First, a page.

By Seth Daniel
As Supt. Dianne Kelly puts the finishing touches on the district’s second submission to the state to begin discussions about a new Revere High School (RHS), she said that her hope is the new high school can be relocated, paving the way for one centralized middle school and an expansion of the elementary programs into the existing middle schools.
This week, Kelly said that the Statement of Interest to the Massachusetts School Building Authority (MSBA) is due on April 7, and the re-submitted Statement will be turned in on April 6. Revere did file a Statement of Interest last year with the MSBA to get the new RHS project into the “pipeline” – or in other words, to begin the overall discussion. However, due to more pressing needs statewide, the district was turned away and urged to resubmit this year.
“All the paperwork is done,” said Kelly. “The application is nearly complete…It doesn’t mean they’ll definitely fund us, but we think we will be able to get into the core program.”
The School Committee voted on March 21 at its monthly meeting to allow Kelly to go forward with the submission. Typically, the MSBA reviews Statements throughout the year and makes decisions at its December board meeting.
Were the schools to be accepted, it would begin a discussion about the best way to build a new RHS – a discussion that will involve the state, the schools, the City Council and the mayor.
“If we are accepted we would move into the Feasibility Study and we would seek the input of a lot of people,” she said. “The mayor and the City Council will have an opportunity to provide input and let us know what we can and cannot do.”
For Kelly, her optimum plan would be to locate a new piece of land in Revere to build a new RHS upon. That, she said, would allow the schools to discontinue the three middle schools now in use – the Susan B. Anthony, the Rumney Marsh and the Garfield Middle. Instead of the three-school approach, she said they would like to use the old RHS building as a centralized middle school for the entire city.
“My hope would be to find another piece of land for the high school so the current high school building can become a central middle school,” she said. “That, however, requires a land acquisition that isn’t reimbursable by the MSBA funds. It means a real investment of City funds to get the land.”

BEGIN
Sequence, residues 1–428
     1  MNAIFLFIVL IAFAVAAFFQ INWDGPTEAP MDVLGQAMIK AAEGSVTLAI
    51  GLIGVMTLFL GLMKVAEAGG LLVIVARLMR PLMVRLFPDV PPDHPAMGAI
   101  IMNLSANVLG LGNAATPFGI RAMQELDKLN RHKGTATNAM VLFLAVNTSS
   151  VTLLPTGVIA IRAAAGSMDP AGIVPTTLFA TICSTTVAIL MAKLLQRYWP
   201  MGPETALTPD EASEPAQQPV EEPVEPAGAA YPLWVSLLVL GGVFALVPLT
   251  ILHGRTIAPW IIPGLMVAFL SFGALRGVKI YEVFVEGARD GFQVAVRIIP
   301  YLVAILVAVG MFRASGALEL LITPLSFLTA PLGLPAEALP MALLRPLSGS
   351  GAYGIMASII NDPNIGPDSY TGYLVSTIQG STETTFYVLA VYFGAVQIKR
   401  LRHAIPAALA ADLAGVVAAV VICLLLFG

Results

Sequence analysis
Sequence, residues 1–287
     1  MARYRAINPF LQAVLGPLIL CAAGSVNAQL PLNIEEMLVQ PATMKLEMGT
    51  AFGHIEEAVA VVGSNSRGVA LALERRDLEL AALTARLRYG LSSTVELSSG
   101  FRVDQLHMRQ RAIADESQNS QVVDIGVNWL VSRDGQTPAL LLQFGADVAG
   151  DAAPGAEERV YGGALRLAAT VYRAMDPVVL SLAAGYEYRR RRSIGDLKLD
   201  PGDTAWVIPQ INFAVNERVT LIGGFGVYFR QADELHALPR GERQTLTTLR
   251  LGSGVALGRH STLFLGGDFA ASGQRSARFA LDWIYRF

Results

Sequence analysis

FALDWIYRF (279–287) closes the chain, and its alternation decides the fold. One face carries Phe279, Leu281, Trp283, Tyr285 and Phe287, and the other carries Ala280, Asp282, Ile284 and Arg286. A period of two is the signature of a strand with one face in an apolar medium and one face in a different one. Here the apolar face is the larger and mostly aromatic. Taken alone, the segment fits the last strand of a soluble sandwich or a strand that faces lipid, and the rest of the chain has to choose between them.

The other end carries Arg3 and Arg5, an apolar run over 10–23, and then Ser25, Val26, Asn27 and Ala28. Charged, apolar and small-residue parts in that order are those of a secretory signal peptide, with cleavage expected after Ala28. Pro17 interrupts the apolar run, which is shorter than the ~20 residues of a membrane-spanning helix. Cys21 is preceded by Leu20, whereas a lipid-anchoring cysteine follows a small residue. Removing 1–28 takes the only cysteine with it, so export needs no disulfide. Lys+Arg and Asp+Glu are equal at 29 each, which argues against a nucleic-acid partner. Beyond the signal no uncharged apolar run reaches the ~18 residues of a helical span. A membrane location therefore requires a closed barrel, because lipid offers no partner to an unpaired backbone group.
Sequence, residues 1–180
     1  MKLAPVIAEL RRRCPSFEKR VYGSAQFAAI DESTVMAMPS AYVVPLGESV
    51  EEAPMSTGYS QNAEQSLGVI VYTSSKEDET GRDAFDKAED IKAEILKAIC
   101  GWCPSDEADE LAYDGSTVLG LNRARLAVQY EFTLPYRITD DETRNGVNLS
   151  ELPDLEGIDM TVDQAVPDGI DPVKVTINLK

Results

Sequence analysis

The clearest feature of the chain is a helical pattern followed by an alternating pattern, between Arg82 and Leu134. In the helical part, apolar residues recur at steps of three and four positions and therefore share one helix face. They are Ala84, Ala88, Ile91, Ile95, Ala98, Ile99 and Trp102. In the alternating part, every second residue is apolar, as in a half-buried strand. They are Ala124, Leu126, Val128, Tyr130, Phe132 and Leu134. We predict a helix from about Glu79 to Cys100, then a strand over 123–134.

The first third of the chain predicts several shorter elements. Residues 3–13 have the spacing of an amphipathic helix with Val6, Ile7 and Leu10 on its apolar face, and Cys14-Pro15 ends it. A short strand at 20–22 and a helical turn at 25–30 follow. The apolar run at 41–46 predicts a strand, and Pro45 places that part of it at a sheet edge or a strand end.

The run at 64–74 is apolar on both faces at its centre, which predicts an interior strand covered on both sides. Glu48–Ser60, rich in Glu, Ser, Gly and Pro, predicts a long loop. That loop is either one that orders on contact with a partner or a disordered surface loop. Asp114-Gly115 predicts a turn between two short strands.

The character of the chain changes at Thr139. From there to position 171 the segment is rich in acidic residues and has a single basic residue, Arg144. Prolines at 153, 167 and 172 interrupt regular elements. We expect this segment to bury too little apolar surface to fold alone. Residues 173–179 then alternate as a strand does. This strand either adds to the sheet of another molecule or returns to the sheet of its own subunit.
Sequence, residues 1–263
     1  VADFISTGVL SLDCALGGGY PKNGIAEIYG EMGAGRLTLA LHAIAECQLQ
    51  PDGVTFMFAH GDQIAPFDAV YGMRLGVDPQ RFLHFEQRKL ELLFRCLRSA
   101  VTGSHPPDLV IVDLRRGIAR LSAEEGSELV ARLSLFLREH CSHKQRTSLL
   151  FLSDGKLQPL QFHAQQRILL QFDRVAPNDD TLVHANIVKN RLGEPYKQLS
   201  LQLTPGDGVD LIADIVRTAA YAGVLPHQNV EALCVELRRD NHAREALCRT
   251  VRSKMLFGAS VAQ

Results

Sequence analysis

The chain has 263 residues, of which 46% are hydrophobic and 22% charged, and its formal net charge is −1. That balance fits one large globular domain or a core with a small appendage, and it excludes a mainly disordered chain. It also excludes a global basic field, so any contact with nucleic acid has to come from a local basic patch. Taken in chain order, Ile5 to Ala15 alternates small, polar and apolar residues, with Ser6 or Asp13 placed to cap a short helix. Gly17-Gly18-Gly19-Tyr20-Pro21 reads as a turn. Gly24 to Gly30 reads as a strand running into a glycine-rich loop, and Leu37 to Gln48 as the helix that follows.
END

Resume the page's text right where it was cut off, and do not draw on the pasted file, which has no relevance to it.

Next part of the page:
The cost of land at the moment is very high, making the prospects of an all-out purchase very difficult for the City. That said, Kelly indicated she and Mayor Brian Arrigo have had discussions about using development mitigation to perhaps land a piece of land at little or no cost.
“The mayor and I have had a lot of conversations about this and talked about in-kind contributions from new businesses and from developers coming to the city,” she said.
Her plan likely would eliminate the troubles with fifth graders having to choose one of three middle schools, and the yearly prospect of a Middle School Lottery for the most popular of the three schools.
The greater positive to that plan, however, would be converting the three current middle schools into elementary schools. That would relieve a lot of pressure that exists in the new elementary schools – which are already overcrowded due to spiking enrollments.
This year, the school district grew by 350 students, while last year it grew by 370 students. That’s an increase of 520 students in two years, which is also built on several previous years of increased enrollments. The district has more students now than it has had in many decades. Much of the pressure of that increase right now lies within the elementary and middle schools.
It’s a scary problem that could be solved with the central middle school plan.
“Even our new schools like Paul Revere and Hill School are at capacity,” she said. “The reason we have had to have a middle school lottery for such a long time is because our middle schools are crowded. With a central middle school, we could convert the current middle schools into elementary schools and that would alleviate the problem across the board. Building a new high school in the same footprint does not give us relief at the middle and elementary schools. It means we would have to also eventually build another elementary school and another middle school.”
The other options, if the City and the state determine that relocating the high school is not feasible, are a little more drastic. Such plans would include expanding middle school from grades 6-8 to grades 5-8 – leaving elementary schools with more room due to having one fewer grade. About 10 years ago, Revere moved the sixth grade students into the middle school. Prior to that, middle school only consisted of grades 7-8.
“It’s probably premature to think about that right now though,” she said.